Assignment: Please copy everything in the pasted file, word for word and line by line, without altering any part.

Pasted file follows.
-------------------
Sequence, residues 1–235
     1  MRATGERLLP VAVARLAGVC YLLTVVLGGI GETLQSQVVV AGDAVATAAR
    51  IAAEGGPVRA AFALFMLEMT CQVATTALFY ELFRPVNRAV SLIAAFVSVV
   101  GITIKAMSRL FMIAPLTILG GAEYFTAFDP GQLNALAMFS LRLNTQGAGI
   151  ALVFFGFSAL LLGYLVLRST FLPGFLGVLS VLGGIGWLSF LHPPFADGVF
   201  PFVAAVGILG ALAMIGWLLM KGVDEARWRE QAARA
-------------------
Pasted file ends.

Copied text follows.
Sequence, residues 1–235
     1  MRATGERLLP VAVARLAGVC YLLTVVLGGI GETLQSQVVV AGDAVATAAR
    51  IAAEGGPVRA AFALFMLEMT CQVATTALFY ELFRPVNRAV SLIAAFVSVV
   101  GITIKAMSRL FMIAPLTILG GAEYFTAFDP GQLNALAMFS LRLNTQGAGI
   151  ALVFFGFSAL LLGYLVLRST FLPGFLGVLS VLGGIGWLSF LHPPFADGVF
   201  PFVAAVGILG ALAMIGWLLM KGVDEARWRE QAARA